"'He said he owned a couple of minivans and a big Suburban,' Bush said, but then on Earth Day, Kerry said that his family, and not he, owned an SUV. It was the latest example of the Republicans' efforts to portray Kerry as a flip-flopping double-talker."

The Boston Globe | http://www.boston.com/news/politics/president/bush/articles/2004/05/04/bush_invokes_image_of_torture_cells/ has a very different lead:

"As the U.S. military continued to reel from photographs of troops abusing Iraqi prisoners, President Bush volunteered yesterday that Iraq is better off now that Saddam Hussein is gone and his 'torture cells are closed,' summoning an image that has haunted troops in recent days.

'Because we acted, torture rooms are closed, rape rooms no longer exist,' Bush said at a rally in Niles, Mich., just north of the Indiana border. The remarks have long been part of his stump speech, but were made just hours after he had discussed investigations into the alleged torture of Iraqis by U.S. troops with Defense Secretary Donald H. Rumsfeld. Later, at a stop in Kalamazoo, he again said that 'the torture chambers in Iraq are closed.'"

Politics is getting even more expensive than you thought, says the Los Angeles Times: | http://www.latimes.com/news/politics/2004/la-na-money4may04,1,6664082.story?coll=la-home-headlines

"This year's presidential race -- fueled by more than a million donors, including many who have never given before -- is well on its way to becoming the country's first $1-billion political campaign, experts say. The money is coming in small donations and large ones, online and in the mail, from wealthy philanthropists and immigrants who can't even vote. In part, it represents unprecedented interest in the campaign from people throughout the country. Together, President Bush and his presumptive challenger, Sen. John F. Kerry, have drawn money from 700,000 more individual donors than those who contributed to Bush and Democrat Al Gore in the entire 2000 campaign, according to figures provided to The Times by the three campaigns. Already, donations to Bush, Kerry and the Democrats who had contested the Massachusetts senator for the party's nomination have exceeded more than $400 million -- more than double what was raised at this point four years ago."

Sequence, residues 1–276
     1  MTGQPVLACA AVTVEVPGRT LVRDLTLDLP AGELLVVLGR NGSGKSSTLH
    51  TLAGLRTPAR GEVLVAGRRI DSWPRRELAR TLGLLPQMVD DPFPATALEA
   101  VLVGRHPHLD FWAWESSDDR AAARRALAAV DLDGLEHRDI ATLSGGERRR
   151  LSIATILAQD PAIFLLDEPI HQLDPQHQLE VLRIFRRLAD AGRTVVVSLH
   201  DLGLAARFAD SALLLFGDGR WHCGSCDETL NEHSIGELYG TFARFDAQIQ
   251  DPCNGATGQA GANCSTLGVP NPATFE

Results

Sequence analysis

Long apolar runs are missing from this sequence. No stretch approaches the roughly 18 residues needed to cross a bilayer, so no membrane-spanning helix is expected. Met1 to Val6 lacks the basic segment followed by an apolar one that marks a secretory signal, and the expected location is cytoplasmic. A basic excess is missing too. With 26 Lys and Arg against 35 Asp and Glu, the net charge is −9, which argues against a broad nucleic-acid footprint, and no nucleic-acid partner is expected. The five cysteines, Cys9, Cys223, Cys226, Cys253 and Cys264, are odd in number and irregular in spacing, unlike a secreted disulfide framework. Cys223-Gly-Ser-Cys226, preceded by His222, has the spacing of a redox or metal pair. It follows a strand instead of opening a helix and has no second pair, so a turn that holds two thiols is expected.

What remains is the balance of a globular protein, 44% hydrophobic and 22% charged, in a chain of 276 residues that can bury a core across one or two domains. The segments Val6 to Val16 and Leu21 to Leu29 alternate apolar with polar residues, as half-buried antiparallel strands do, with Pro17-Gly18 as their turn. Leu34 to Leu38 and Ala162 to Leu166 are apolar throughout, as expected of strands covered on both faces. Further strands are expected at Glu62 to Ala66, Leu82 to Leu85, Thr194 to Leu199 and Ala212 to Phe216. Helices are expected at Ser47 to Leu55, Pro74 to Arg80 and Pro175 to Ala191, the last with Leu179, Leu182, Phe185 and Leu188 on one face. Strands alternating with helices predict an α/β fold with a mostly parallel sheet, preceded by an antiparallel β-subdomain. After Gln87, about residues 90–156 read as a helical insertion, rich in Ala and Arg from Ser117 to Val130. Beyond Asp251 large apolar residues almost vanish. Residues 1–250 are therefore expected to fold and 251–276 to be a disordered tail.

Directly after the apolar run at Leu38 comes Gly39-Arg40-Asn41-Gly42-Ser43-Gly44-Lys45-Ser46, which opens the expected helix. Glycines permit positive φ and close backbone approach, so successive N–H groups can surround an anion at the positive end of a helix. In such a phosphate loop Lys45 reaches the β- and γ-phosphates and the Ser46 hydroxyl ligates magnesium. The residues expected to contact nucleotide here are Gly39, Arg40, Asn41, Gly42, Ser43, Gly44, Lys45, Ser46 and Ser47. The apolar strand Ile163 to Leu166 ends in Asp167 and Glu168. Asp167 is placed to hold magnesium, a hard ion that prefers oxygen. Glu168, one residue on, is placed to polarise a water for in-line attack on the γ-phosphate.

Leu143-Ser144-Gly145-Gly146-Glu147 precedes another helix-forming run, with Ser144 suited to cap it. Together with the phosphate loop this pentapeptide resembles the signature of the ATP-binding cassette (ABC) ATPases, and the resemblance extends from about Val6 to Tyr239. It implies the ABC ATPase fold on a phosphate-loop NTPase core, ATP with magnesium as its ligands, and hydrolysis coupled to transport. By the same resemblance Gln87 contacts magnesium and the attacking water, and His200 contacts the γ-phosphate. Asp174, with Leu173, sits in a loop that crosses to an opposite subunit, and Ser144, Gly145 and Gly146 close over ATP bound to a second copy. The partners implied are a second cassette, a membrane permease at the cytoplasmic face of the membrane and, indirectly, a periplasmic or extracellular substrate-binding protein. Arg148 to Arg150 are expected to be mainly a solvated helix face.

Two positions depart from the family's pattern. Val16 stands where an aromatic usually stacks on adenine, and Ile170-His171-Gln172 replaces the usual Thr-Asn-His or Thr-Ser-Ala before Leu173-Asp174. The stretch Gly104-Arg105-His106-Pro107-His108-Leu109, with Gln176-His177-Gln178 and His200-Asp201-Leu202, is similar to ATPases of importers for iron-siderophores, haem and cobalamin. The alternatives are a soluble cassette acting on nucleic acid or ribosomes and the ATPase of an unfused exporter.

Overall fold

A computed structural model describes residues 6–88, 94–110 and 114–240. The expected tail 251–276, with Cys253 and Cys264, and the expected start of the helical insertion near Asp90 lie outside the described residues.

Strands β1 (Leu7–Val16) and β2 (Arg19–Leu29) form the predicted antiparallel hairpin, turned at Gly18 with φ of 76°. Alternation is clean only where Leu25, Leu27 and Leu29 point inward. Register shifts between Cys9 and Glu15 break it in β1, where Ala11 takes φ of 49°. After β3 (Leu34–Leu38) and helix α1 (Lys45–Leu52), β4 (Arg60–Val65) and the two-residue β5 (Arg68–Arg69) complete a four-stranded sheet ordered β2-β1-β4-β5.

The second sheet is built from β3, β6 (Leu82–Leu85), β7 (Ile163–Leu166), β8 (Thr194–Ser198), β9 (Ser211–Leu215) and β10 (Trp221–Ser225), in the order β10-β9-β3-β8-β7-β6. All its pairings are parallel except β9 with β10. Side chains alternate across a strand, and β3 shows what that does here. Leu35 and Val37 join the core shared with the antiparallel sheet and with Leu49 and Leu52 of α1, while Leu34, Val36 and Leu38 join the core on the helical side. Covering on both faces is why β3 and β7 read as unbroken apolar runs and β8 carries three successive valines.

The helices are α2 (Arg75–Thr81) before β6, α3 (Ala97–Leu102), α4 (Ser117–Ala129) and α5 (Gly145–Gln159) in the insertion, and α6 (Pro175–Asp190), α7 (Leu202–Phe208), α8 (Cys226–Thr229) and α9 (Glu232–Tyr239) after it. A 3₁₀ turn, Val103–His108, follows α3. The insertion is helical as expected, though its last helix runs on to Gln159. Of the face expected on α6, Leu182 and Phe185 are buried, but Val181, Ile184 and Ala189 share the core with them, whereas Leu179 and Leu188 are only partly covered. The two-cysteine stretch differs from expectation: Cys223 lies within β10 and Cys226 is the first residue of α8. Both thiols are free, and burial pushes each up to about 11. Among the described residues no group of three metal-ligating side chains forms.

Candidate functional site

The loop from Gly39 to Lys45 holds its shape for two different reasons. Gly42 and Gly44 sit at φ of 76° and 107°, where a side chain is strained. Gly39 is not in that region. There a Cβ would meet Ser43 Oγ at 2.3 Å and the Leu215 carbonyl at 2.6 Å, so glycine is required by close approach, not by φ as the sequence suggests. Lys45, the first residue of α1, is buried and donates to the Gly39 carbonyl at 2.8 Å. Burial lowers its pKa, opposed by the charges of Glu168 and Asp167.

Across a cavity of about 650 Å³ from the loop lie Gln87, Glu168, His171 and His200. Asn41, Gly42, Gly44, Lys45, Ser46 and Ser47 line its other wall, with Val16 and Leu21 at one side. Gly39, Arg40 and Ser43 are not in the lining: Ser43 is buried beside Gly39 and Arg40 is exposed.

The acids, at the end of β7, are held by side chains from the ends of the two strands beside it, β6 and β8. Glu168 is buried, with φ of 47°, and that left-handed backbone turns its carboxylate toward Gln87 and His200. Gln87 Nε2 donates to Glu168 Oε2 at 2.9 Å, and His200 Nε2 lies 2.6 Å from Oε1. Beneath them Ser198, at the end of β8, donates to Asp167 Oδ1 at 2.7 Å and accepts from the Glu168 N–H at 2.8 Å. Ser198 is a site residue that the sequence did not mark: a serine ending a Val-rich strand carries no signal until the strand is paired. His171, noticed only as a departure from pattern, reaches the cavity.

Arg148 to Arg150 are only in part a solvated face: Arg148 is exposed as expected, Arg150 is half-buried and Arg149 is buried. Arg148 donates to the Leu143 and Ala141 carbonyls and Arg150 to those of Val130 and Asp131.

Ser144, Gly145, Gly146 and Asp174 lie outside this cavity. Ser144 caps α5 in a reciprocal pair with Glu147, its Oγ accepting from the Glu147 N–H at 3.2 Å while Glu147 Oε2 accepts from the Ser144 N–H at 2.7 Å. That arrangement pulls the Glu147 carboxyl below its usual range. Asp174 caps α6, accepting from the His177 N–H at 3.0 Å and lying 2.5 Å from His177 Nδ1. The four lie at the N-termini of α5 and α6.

Kevin Drum, | http://www.washingtonmonthly.com/ who's on a blogging roll, admits that it's not the economy, stupid:

"We liberals would like to think that the election is going to turn (or can be made to turn) on the state of the economy, or perhaps on favored social issues like education or healthcare. This is dreamland. The economy is going to do whatever the economy does, and right now it looks like it will be bad enough that Kerry has a chance to win but good enough that it won't hurt Bush too badly. Relying on that to win the election would be foolish.

"Whether we like it or not, this just isn't the year for social issues to take center stage. The president has far more ability to control the agenda than the challenger, and Bush's campaign message is already clear: the world is a dangerous place and John Kerry can't be trusted to keep you safe.

"This is not to say that the economy and social issues won't play a role. Of course they will, and Kerry should take advantage of his strengths in these areas. But the key issue is going to be terrorism and -- especially -- the war in Iraq. I think liberals need to face up to this squarely even if we don't like it.

"Survey results for the past several months have been clear: Bush's approval ratings for handling the war have gone down, people increasingly believe it was a mistake to invade Iraq, and sentiment is moving in the direction of bringing the troops home. But this hasn't helped Kerry. It does give him an opening, but by itself it's not enough for people to have doubts about Bush; they also have to believe that Kerry is likely to do a better job."